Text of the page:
Another fun alternative to more fish, Red Cherry Shrimp are colorful, active additions to any community tank. They tend to stick to the bottom, far away from your betta. Give them some plants to climb, however, and they’ll go exploring.

They like to eat algae and other naturally occurring organics growing on driftwood and rocks, plus you can toss them sinking pellets for variety. Red Cherry shrimp breed easily, but don’t expect the babies to last long if they aren’t removed from the tank.

Red Cherry shrimp are peaceful, and won’t harm other fish or each other. Big fish will prey on them, but you don’t want big fish with your betta, anyway.

The biggest risk with housing these shrimp with Bettas is that a Betta will almost always assume a young shrimp is a meal. They need plenty of cover from a Betta, and you should only house full grown individuals with your Betta. Newborn shrimp may not last long in your aquarium as many fish view them as a meal.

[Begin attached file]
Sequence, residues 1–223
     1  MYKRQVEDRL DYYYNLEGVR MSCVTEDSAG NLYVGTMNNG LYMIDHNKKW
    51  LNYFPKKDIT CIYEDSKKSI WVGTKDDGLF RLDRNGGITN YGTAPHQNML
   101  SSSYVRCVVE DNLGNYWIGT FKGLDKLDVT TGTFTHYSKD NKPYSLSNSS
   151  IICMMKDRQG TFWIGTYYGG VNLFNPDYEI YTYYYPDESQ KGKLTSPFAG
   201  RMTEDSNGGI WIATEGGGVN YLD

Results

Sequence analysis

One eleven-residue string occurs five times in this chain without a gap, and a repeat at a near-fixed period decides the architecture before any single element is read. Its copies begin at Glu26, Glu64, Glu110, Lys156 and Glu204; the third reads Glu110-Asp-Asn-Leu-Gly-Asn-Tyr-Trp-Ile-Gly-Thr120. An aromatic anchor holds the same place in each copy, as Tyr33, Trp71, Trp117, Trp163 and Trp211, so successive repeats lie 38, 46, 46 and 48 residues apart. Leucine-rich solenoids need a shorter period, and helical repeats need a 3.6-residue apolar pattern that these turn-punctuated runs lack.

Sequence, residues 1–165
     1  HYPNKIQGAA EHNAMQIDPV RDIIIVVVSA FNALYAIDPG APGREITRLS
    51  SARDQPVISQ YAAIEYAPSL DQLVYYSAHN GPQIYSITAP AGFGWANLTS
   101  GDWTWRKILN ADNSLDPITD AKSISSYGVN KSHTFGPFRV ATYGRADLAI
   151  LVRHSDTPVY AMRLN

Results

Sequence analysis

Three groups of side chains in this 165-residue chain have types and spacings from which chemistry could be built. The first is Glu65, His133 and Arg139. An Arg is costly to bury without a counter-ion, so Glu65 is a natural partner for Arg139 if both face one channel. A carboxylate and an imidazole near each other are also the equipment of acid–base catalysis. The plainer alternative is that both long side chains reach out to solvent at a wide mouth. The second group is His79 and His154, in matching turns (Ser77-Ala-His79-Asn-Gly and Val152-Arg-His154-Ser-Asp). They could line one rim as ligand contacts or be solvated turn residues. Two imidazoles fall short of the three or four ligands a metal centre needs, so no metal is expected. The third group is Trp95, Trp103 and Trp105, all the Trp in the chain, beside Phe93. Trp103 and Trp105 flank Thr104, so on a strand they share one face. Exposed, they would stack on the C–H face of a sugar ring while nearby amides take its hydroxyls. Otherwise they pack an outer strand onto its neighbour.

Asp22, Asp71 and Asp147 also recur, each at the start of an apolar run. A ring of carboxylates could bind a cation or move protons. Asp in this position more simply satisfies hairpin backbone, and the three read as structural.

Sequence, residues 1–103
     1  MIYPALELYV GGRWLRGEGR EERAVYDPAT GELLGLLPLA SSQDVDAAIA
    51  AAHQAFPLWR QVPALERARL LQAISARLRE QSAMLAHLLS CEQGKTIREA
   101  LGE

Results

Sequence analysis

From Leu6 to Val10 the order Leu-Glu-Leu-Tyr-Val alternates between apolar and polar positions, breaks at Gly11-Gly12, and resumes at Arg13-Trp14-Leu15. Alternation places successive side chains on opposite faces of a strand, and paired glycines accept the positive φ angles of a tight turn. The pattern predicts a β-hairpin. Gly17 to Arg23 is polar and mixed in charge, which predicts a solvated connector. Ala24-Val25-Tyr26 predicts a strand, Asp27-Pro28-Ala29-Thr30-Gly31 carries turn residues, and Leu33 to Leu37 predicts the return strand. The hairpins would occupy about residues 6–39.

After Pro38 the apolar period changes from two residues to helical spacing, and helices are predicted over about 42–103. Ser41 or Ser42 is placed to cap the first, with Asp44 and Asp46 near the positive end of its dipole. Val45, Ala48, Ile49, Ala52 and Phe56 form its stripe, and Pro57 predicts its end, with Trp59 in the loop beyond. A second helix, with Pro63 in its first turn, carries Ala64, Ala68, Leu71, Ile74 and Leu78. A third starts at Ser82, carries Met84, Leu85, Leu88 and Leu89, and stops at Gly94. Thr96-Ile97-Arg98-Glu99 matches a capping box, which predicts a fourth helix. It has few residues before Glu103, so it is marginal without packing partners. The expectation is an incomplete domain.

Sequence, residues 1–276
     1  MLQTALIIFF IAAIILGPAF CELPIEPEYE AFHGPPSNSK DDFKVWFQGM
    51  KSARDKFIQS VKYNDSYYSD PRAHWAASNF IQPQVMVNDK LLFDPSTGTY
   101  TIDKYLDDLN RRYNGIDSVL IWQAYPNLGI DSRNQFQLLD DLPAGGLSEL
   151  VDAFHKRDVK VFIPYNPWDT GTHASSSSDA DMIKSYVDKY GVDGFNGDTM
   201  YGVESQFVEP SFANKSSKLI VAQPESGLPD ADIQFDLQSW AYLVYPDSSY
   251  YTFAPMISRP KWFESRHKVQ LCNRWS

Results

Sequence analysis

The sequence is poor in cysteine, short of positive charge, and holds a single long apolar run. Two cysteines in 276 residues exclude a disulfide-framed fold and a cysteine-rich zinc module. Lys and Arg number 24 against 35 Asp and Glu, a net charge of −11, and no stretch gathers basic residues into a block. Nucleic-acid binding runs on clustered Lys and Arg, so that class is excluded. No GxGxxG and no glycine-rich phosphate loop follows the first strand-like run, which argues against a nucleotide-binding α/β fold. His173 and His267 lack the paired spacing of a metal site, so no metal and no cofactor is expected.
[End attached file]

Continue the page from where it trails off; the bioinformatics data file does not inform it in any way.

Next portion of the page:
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Short-Term Tank Mates

These fish can be housed with Bettas on a temporary basis only.







12. Most Plecos (Plecostomus)

Clown Pleco
Image Credit: MIKITO SHIRAI, Shutterstock
  • Origin: Varies
  • Maximum size: Up to 24 inches (depending on species)
  • Minimum Tank Size Required: Up to 150 gallons (depending on species)
  • pH of water required: 6.8 – 7.6
  • Temperature requirements: 73 – 82°F (23 – 28°C)
  • Care Level: Intermediate

While they aren’t flashy, Plecos are a lot of fun to have in an aquarium. Most of them grow to a moderate size but will look like giants compared to small, schooling fish like tetras. While they spend a lot of time just hanging around, they also can be quite active when they’re feeding.